INFLUENCE OF MICROCLIMATE ON STALACTITE MORPHOLOGY: EVIDENCE FROM CAVE ENTRANCES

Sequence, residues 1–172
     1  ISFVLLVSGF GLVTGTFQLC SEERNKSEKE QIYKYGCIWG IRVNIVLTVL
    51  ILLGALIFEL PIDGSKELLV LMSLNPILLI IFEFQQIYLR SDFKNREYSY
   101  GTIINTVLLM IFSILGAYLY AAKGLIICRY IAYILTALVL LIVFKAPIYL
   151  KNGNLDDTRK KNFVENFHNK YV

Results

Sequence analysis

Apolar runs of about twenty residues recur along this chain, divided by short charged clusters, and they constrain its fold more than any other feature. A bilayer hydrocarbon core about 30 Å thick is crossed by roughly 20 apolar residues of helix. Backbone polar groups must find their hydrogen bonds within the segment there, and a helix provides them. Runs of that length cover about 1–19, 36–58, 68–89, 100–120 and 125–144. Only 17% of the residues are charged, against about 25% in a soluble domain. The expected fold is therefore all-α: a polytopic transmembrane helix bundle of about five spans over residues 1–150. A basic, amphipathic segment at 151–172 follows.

We have monitored temperature, humidity and light intensity patterns in two caves on Guam by data loggers and found that the microclimatic regimes dramatically change along transects from cave entrances to cave interiors. The general patterns show distinct daily oscillations in the entrance area, their gradual buffering toward the interior of the cave, and nearly constant conditions at the back. Following microclimatic measurements, we have sampled actively growing stalactites along the same transects and found that they are morphologically highly variable. Their macromorphology, porosity, crystal size and fabric are directly related to each samples position in the cave and its local microclimate. Stalactites growing at the dripline are soft, porous, microcrystalline and organic-rich deposits. Entering the twilight zone, as temperature and humidity oscillations stabilize, illumination declines and relative humidity increases, the stalactites become progressively denser and more organized. They form an uninterrupted morphological sequence from calcareous tufa stalactites in the most exposed locations to classic speleothems deeper inside caves. Since particular microfabrics can be related to specific microclimatic parameters, these observations promise to be a useful tool in paleoenvironmental interpretation.